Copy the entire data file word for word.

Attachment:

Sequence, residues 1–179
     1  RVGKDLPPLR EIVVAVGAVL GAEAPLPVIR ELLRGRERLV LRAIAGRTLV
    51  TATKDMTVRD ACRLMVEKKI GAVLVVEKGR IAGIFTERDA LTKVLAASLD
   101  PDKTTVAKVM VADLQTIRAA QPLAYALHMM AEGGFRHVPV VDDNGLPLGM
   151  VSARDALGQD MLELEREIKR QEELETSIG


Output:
Sequence, residues 1–179
     1  RVGKDLPPLR EIVVAVGAVL GAEAPLPVIR ELLRGRERLV LRAIAGRTLV
    51  TATKDMTVRD ACRLMVEKKI GAVLVVEKGR IAGIFTERDA LTKVLAASLD
   101  PDKTTVAKVM VADLQTIRAA QPLAYALHMM AEGGFRHVPV VDDNGLPLGM
   151  VSARDALGQD MLELEREIKR QEELETSIG